Since an ISIS commander admitted in a July 2022 video to tracking targets on a hit list created by President Bashar al-Assad’s security services, fears have spread across northern Syria that the regime has recruited the region’s top terror group to take down its remaining foes.
One likely target is the Kurdish-led Syrian Democratic Forces (SDF), the main fighting force in the US-led coalition against ISIS, which maintains two major camps for former ISIS fighters. Several hundred US troops are in northeast Syria, mainly advising and working alongside the SDF.
US support for the SDF has long been a point of tension between Washington and its NATO ally Turkey. Ankara views the SDF as an extension of the Kurdistan Workers’ Party (PKK), which operates inside Turkey and is considered a terrorist organization by both the US and Turkey.
But relations between the US and the SDF have waned in recent years. In 2019, then-President Donald Trump withdrew US forces from the Syrian border, effectively greenlighting Turkish military operations against Kurdish forces in northeastern Syria.
In recent years, repeated Turkish airstrikes and drone strikes on the region have been met with a muted response from Washington.
This has pushed the SDF to turn towards Russia and the Syrian regime for security guarantees. According to SDF commander Mazloum Abdi, Russian-brokered mediation efforts between the SDF and Damascus are ongoing. Regime forces have already moved into SDF-controlled areas in the northeast to bolster security.
At the same time, Turkey is also looking to make a deal with Assad. This marks a major U-turn in Turkish foreign policy given Ankara’s long support for anti-regime rebels during the civil war.
While low-level talks have taken place in recent years, pressing domestic considerations and changing geopolitics, including a pivotal May election in Turkey, are likely behind the recent public overtures.
Turkish President Recep Tayyip Erdogan is facing mounting pressure amid rising anti-refugee sentiment and years of economic turmoil, while removing the SDF from the region bordering Turkey remains a key regional objective.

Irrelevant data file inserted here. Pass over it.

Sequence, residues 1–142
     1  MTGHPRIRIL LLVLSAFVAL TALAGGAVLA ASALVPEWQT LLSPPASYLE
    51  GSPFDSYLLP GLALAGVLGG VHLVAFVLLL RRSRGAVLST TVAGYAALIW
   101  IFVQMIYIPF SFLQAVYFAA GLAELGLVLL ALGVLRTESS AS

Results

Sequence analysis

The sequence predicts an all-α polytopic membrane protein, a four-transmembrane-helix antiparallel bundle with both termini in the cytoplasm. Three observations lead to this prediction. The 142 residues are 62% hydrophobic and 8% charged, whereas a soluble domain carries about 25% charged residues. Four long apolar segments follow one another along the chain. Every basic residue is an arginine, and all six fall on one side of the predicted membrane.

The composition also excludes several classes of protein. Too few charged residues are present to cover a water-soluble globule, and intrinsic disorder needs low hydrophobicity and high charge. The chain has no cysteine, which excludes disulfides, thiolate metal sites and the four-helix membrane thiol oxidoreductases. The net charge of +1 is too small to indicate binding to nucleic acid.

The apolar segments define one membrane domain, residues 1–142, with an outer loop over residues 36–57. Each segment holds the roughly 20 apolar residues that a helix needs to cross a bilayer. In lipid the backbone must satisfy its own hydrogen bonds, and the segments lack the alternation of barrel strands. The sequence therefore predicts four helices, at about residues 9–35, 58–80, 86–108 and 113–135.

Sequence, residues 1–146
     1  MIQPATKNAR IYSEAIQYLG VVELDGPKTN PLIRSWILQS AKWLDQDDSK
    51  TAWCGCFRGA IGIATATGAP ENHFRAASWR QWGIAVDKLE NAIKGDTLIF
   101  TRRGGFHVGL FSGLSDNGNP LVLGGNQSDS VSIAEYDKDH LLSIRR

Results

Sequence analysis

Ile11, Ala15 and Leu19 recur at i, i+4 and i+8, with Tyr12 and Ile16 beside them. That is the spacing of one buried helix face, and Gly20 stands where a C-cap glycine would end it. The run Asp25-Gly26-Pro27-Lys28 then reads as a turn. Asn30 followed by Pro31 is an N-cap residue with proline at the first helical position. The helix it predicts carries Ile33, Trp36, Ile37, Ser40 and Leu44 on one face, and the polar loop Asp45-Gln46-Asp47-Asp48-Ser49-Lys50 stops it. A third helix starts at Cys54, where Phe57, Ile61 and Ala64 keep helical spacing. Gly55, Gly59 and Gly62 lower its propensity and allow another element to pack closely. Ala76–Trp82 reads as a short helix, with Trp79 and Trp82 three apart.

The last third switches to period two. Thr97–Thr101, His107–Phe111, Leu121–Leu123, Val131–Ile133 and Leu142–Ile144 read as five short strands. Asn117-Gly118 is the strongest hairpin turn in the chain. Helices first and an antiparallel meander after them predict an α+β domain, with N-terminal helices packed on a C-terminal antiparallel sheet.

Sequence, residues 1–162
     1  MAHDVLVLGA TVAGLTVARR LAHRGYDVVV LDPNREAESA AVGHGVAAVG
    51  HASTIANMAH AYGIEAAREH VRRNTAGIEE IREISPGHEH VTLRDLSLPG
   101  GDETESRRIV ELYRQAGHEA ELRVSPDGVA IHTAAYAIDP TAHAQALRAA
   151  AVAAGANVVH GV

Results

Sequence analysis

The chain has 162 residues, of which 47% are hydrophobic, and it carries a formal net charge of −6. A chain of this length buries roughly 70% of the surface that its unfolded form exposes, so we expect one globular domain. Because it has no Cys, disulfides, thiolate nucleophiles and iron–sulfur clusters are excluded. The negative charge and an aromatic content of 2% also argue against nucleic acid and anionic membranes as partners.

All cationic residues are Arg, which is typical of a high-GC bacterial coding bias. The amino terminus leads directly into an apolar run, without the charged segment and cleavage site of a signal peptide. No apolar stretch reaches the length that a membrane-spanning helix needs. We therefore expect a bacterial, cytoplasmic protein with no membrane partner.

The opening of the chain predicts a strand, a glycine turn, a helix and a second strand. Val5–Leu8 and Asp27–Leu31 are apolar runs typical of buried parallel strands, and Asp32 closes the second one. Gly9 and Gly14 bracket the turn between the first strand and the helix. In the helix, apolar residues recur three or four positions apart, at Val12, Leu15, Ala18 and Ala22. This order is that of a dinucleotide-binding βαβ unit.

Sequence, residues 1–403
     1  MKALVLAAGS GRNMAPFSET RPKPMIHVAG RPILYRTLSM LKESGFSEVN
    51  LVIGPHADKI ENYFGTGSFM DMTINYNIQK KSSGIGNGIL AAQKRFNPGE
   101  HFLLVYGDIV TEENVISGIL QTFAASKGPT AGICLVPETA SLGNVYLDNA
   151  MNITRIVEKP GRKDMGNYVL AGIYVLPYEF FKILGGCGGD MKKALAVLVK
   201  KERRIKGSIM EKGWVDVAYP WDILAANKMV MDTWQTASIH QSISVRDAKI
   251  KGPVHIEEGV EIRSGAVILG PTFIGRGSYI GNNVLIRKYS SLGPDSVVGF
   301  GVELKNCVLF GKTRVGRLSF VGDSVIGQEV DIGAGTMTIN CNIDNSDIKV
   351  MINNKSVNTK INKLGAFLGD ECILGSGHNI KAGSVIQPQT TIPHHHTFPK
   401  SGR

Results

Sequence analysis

“I think a willingness to go down the normalization route with Assad in order to constrain the SDF is a tactic Turkey may resort to because of decreased capacity to squeeze the SDF militarily on their own,” James Ryan said, director of research and the Middle East Program at the Foreign Policy Research Institute.
This is partly a result of the February 6 earthquake, which has sapped public appetite in Turkey for further military excursions in Syria, and partly due to a similar unwillingness on the part of Russia and the US to cooperate with Turkish desires to aggrandize more of Syrian territory.
“I doubt any of this happens before the May elections, but if it does, it will likely be billed as an altruistic gesture on the part of Erdogan, who has some interest in portraying himself globally as a peacemaker,” Ryan said. “When, instead, it signals Turkey’s decreased appetite and capacity for military action in Syria.”
If Turkey compromises with Assad and allows him to regain control of northern Syria, the result could be similar to that in Daraa. The Assad regime could look to weaponize ISIS fighters in the northeast to attack a joint SDF-US gathering, both pleasing Turkey and sealing that friendship by pushing back the SDF and possibly spurring a US withdrawal.
Equally concerning is the prospect of thousands of ISIS fighters under the control of the Syrian regime. Only this week, a top US Middle East commander described those detained as a “veritable ‘ISIS army in detention.’”
Charles Lister, senior fellow at the Middle East Institute, pointed out that Assad has a record of exploiting morally questionable actors for his own ends and has enabled Sunni jihadist groups since the 1980s. Following the US-led invasion of Iraq in 2003, Assad encouraged the flow of foreign fighters into Iraq to join al-Qaeda, helping create ISIS.
In 2011, amid the growing protest movement, the Assad regime released several jihadists from prison, including Amr al-Absi, who would later become a top ISIS official.
The regime has released several more key ISIS figures in the years since.
Now, with the war possibly nearing its conclusion, what’s to stop Assad from using a similar move to defeat his foes?
“If ISIS were to be instrumentalized,” Syria analyst Malik al-Abdeh said, “US interests would be high on a list of targets.”
An American withdrawal from northeast Syria would spur an exodus of all those unable to live under the regime or Russian control, added Natasha Hall, a senior fellow with the Middle East Program at the Center for Strategic and International Studies.
This would likely further destabilize southeast Turkey still reeling from the devastating February earthquakes that killed nearly 50,000 people.
Meanwhile, the regime would gain full control of the country’s oil and agricultural resources and the estimated 10,000 ISIS supporters in SDF-run camps.
“Having control of thousands of ISIS members and sympathizers would dramatically increase the Syrian regime’s influence over the world, not just neighboring countries,” said Hall. “That should be of grave concern.”
Hannah Wallace is a freelance journalist and researcher based in London.
She has written for The New Arab, The Jerusalem Post, Small Wars Journal, and Asharq al Awsat, among others.
Disclaimer: The views and opinions expressed here are those of the author and do not necessarily reflect the editorial position of The Defense Post.
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